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ERIC Number: EJ784199
Record Type: Journal
Publication Date: 2008-Feb
Pages: 17
Abstractor: Author
Reference Count: 56
ISSN: ISSN-0305-0068
Pluralism, Identity, and the State: National Education Policy towards Indigenous Minorities in Japan and Canada
Takeda, Nazumi; Williams, James
Comparative Education, v44 n1 p75-91 Feb 2008
This paper examines educational policies toward indigenous minorities in Japan and Canada during the period of nation-building, from the latter half of the nineteenth century to the first half of the twentieth century. Both Japan and Canada first segregated indigenous children into separate educational institutions and then tried to assimilate them into mainstream society. Beneath these broad policy similarities, however, lie different rationales, with substantially different implications for education and social policy in diverse societies. In Japan, national integration was promoted through a cultural or ethnic rationale, a socially coherent approach that nonetheless allows little room for minorities. Canada approached national integration using a notion of citizenship that both allows considerable space for minorities but is challenged by unity. These two strategies can be seen in two polar models of the state--a civic-assimilationist approach of the "French model" and an ethnocultural exclusionist model of the formation of the German state. The paper argues for a multicultural pluralist model including both civic and cultural/ethnic identities. (Contains 22 notes.)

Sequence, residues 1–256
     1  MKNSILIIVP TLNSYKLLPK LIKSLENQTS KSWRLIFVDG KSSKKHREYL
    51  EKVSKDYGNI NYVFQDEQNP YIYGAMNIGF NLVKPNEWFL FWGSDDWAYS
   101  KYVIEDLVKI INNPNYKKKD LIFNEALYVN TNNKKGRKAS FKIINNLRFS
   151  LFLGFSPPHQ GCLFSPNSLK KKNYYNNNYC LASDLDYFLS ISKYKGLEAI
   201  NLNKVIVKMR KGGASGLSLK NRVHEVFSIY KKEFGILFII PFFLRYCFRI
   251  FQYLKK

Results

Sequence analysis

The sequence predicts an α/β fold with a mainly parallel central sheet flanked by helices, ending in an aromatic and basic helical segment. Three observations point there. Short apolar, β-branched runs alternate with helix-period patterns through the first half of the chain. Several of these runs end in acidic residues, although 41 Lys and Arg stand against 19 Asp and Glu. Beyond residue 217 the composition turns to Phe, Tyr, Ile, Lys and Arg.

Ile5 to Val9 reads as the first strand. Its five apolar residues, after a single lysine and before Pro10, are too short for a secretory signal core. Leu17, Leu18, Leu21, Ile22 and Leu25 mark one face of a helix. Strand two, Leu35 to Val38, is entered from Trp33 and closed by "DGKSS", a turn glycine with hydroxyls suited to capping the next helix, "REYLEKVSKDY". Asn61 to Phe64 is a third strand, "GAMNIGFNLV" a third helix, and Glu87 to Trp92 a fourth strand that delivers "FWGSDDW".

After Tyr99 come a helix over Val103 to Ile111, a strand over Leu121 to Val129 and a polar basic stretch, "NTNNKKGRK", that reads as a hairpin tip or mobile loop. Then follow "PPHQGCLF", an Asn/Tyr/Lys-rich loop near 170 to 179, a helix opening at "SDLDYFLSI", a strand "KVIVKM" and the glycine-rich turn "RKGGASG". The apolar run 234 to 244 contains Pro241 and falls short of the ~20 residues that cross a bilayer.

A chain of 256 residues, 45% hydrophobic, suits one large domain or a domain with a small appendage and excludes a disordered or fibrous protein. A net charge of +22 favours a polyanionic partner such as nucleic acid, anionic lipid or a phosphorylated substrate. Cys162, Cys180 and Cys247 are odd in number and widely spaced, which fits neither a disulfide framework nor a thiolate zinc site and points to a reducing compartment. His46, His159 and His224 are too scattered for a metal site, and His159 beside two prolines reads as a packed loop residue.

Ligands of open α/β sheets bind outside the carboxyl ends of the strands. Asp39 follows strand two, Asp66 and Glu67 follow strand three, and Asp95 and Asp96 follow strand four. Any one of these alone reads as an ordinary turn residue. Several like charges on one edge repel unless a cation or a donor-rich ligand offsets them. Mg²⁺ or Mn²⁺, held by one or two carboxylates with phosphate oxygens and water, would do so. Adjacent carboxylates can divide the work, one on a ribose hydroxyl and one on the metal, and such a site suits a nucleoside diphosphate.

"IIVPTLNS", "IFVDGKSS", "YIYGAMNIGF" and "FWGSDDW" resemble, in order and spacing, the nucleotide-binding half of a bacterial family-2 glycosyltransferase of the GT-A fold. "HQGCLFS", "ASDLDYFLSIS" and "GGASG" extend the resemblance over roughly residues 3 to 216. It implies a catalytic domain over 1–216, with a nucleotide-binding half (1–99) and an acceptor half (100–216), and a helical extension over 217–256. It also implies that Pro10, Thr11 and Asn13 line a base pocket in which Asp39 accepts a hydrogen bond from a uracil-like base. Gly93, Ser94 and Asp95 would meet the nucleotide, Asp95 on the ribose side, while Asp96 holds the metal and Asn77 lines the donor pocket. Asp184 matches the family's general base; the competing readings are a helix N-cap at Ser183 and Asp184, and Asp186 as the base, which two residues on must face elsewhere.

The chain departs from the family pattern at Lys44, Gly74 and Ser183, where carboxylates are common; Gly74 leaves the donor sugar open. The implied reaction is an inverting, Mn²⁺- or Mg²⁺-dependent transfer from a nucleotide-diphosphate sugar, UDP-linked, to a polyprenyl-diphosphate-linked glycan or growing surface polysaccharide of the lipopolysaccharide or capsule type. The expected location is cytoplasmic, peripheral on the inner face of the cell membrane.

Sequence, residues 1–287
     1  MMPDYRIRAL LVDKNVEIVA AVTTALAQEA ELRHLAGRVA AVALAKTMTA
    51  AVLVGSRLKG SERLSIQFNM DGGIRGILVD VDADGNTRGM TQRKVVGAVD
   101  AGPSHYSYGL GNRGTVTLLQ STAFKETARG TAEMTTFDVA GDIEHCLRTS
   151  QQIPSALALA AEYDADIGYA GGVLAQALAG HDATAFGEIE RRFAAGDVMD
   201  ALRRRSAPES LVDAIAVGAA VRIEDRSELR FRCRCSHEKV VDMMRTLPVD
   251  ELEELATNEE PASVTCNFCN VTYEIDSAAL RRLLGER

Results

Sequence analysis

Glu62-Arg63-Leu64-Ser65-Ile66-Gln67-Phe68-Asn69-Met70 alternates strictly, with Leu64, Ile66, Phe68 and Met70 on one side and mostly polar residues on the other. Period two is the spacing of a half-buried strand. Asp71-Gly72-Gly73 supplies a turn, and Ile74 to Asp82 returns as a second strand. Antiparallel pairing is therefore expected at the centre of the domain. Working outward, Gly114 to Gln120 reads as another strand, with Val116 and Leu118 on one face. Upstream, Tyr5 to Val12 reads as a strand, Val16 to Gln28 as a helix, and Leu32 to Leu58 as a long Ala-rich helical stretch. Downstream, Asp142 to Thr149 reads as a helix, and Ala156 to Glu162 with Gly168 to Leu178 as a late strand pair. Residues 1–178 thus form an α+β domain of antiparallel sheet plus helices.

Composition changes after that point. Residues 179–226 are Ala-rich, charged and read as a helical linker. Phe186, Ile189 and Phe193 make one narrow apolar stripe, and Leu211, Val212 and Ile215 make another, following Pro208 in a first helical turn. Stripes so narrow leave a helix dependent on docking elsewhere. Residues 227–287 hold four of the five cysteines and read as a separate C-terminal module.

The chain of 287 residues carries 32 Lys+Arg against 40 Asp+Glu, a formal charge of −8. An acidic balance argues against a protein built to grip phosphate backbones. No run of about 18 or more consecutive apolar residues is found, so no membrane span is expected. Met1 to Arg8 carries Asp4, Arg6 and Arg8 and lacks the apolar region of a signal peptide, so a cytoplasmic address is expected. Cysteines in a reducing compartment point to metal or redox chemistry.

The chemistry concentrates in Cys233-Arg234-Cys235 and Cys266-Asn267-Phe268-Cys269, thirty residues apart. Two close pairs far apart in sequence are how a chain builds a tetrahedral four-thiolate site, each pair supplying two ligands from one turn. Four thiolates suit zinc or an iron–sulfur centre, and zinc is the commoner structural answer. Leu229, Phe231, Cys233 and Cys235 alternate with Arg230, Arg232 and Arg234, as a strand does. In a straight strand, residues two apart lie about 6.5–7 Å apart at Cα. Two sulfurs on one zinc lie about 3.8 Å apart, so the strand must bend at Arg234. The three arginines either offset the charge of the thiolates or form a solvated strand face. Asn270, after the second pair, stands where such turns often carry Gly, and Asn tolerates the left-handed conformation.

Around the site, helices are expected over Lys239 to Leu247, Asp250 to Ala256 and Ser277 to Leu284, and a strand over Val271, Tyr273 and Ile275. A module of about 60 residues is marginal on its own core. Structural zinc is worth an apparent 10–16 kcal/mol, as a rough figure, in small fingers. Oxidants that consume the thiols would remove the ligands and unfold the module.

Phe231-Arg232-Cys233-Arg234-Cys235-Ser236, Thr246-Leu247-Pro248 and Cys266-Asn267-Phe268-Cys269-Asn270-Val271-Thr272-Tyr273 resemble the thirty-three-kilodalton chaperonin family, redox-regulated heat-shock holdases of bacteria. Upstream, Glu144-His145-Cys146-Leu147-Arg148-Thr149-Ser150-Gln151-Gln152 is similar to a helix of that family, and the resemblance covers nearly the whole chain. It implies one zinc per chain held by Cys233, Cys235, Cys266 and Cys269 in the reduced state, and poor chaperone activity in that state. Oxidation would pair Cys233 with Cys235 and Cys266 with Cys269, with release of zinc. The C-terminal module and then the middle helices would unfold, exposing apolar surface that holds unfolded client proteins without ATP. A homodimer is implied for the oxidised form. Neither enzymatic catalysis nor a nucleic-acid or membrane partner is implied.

Routledge. Available from: Taylor & Francis, Ltd. 325 Chestnut Street Suite 800, Philadelphia, PA 19106. Tel: 800-354-1420; Fax: 215-625-2940; Web site:
Publication Type: Journal Articles; Reports - Evaluative
Education Level: N/A
Audience: N/A
Language: English
Sponsor: N/A
Authoring Institution: N/A
Identifiers - Location: Canada; France; Germany; Japan